This post is in partnership with West Town Physical Therapy. As always, we only write about experiences and companies we love.
Getting the itch to run outdoors as spring approaches? You’re not alone—but as tempting as it might be to throw on your running shoes and bound out the door, Erin Conroy of West Town Physical Therapy wants you to take just a few minutes for a running warm-up.
Through her work as a physical therapist, she sees a LOT of running injuries, the most common of which is knee pain.
“Knee pain is more common in females, and you’ll feel it right in front of knee or on the outside of the knee where their IT band attaches. It’s not usually a traumatic injury, just wear and tear over time,” she explains.
What causes knee pain from running?
According to Conroy, knee pain can come from a few different things.
“Most of the time,” she points out, “knee pain comes from a lack of muscular strength and control.”
As she goes on to explain, running requires three things from your body: control, strength, and flexibility.
“You might develop knee pain from an issue above or below the knee. You might have difficulty activating your glutes and hip muscles to control your pelvic position while running. The pain could also come from the bottom up — that is, from the foot, if you don’t have enough ankle stability, or your shoes are worn out, or your foot overpronates.”
Her goal as a physical therapist? Get runners back in tune with their muscles, so they learn how to activate their muscles more efficiently and prime their bodies for an upcoming running workout. Here’s how she recommends you warm up for a run: with neuromuscular activation, dynamic stretching, and a little pre-run cardio.
First: Neuromuscular activation
Conroy tells her patients that “it’s really important to get that brain-muscle connection, because that gets the body ready to go.”
Specifically, she wants you to start waking up the muscles you’ll engage during your run: your core, glutes, hamstrings, quads, and calfs. She recommends starting with the core, because it’s the anchor for your extremities.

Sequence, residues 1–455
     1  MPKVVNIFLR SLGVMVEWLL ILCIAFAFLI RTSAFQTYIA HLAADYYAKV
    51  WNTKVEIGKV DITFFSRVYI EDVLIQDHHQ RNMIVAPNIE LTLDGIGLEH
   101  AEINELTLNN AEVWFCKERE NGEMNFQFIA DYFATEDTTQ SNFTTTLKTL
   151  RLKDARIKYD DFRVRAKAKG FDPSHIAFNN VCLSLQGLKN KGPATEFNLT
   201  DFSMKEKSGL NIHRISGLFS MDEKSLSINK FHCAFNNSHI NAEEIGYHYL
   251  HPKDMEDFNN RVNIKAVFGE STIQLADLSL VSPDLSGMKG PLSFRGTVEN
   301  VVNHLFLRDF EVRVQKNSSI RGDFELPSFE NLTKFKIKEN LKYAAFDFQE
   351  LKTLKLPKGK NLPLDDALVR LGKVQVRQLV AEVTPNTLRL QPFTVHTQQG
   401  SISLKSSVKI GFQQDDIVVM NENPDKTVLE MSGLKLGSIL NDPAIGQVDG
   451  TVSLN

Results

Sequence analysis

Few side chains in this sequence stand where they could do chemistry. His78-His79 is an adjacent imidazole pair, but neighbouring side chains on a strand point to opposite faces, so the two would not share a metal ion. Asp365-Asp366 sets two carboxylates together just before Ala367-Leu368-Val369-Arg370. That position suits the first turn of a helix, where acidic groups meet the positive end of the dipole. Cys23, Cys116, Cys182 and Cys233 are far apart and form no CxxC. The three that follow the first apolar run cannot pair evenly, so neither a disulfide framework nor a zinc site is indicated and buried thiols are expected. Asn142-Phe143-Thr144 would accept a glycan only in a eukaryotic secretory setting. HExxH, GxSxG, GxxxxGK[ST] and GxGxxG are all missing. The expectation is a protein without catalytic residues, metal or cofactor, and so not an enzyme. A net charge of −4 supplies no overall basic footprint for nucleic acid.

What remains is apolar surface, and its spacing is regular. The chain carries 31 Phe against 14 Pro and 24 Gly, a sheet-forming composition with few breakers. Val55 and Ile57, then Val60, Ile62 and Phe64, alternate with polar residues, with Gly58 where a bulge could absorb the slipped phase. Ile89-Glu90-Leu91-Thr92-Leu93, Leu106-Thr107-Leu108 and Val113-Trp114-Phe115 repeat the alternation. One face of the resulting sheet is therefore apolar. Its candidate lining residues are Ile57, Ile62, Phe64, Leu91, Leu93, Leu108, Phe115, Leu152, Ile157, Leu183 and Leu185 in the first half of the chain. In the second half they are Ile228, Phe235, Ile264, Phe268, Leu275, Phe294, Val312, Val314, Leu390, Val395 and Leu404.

Start with a high plank, shoulders stacked over your wrists and back flat, with your hips tucked under to take out any arch or sag in the low back.
Do about 20 slow and controlled mountain climbers, bringing one knee in towards your chest at a time before extending it back to its starting position.
“That mimics the motion of you leg movement while activating the core,” shares Conroy.
Next, activate the gluteus medius, which Conroy says is responsible for controlling the pelvic motion when running. Find a wall and stand sideways against it. Push your inner knee into the wall, and think about pulling that outer standing leg away from the wall.
You should feel this in two places: the hip of the standing outer leg, and the knee of the inner leg pushing into the wall. Hold for 15-30 seconds to activate your muscles and build endurance.
No wall around? No problem. Instead, stand on one leg, keeping the standing knee soft. Drop your hips slightly and pull them back to a neutral position. Repeat for 15-30 seconds.
After that, you’ll move on to a combination of a reverse lunge and a single leg balance. Start in a standing position, then reach your left leg back, lowering into a reverse lunge and tapping your toe back.
Pull that extended left leg all the way back up and bring it into your chest, maintaining your balance on that standing right leg. Repeat 10 times, then switch legs.
Finally, finish up by warming up the calves with squats to heel raises.
With your weight in your heels, drop your butt until your thighs are parallel to the ground; your chest stays up and your back stays flat. Drive your your heels and activate your glutes as you come back through standing, then finish by balancing on your toes with your heels raised up as if you’re wearing a pair of high heels. Repeat 20 times.
Next: Dynamic stretching
“The reason for dynamic stretching,” Conroy points out, “is because with running, you really need that elastic recoil where your muscles shorten then lengthen in a repeating cycle. Save the static stretches for the end of your run!”